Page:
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Fear of Falling

hands holding a cane Fear of falling is common, even among those who have not had a fall. Fear of falling can increase your risk of a fall, but there are things you can do reduce your risk.

How Does Fear of Falling Increase Risk of Falling?
People who are afraid of falling may limit their physical activity or social activity – sometimes without meaning to. Limiting these activities can lead to, or worsen, muscle weakness, social isolation, anxiety or depression. All of these factors put people at higher risk for falling.

What You Can Do to Address Fear of Falling
The following survey will help you assess your fear of falling. (Download and print a larger version.) Answer the following questions:

fear of falling survey
































Discuss the Results
  • Talk to your doctor: You can ask questions about falls and fall prevention during a doctor’s appointment. Your questions could help your doctor find a falls prevention plan for you.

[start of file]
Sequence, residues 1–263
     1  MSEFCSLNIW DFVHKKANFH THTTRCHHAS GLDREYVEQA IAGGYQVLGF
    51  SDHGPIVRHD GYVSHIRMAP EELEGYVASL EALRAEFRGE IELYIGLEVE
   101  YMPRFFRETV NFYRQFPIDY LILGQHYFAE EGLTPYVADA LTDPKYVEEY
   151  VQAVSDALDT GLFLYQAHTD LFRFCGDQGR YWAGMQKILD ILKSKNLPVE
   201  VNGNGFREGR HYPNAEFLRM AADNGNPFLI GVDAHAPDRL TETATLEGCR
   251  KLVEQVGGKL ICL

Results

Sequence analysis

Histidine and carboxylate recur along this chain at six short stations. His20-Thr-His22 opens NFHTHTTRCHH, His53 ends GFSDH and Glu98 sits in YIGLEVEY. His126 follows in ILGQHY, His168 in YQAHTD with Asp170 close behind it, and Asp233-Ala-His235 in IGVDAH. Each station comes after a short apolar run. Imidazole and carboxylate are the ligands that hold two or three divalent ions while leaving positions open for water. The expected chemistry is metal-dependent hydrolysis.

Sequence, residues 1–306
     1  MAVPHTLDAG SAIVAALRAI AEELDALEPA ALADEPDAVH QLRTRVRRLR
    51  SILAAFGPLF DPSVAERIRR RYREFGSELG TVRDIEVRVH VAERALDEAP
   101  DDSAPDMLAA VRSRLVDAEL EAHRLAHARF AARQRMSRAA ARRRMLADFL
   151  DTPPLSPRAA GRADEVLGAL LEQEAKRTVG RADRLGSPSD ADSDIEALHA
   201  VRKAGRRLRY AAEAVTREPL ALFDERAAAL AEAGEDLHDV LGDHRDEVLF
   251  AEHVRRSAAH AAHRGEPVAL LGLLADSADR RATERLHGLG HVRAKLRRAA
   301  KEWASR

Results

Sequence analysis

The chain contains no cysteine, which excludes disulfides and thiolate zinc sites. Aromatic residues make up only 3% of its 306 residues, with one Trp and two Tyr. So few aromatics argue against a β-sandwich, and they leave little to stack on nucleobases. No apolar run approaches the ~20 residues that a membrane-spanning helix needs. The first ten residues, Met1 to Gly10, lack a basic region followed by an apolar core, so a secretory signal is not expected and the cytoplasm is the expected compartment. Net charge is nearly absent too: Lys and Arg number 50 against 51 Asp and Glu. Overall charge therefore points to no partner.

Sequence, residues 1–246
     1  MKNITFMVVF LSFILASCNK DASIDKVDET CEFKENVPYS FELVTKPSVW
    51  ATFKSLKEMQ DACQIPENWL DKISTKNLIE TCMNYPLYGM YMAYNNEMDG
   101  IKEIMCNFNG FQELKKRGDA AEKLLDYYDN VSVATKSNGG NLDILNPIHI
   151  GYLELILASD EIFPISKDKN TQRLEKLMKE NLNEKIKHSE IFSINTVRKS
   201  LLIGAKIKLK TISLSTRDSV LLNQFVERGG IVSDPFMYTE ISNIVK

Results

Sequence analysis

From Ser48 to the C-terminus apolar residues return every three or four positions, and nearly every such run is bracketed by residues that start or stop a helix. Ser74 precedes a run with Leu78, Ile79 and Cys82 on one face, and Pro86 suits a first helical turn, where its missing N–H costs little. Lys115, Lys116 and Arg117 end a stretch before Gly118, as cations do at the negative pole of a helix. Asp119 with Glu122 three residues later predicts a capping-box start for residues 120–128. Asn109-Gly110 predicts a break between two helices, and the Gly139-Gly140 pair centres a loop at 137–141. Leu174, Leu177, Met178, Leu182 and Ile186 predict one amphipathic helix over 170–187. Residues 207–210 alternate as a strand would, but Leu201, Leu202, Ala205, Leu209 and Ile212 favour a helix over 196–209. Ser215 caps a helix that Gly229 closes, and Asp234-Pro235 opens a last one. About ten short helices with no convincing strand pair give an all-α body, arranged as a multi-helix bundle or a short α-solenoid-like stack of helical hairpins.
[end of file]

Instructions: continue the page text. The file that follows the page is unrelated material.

• Talk with your case worker, social worker, physical or occupational therapist, caregiver, family member or friend: Having support of friends, relatives and the community is important in addressing fear of falling.

 

More Ways to Reduce Your Fear of Falling
  1. Stay physically active. Feeling stronger physically will help you feel more confident in your movements. Exercise that improves balance, strength and coordination, such as Tai Chi, is especially helpful in preventing falls, but any physical activity helps. Talk with your doctor about the best exercise program for you.


  2. Stay socially active. It may be easier to talk with someone whose life experiences are similar to your own. The Partner to Partner program from the Department for the Aging can help you connect with someone in your community.


  3. Learn about fall prevention. Knowing about fall risks and the things you can do to prevent falls will help you regain confidence in doing daily activities safely.


  4. Make your home safer. First, find and fix home hazards that may put you at higher risk for falls.


  5. Prepare your home in case you do fall. Taking a few precautions can help you feel more confident and can help in an emergency. For instance, consider getting a personal emergency response system, enter emergency contact numbers on your phone’s speed dial, and, if you live alone, set up a daily check-in phone call with a family member or a friend.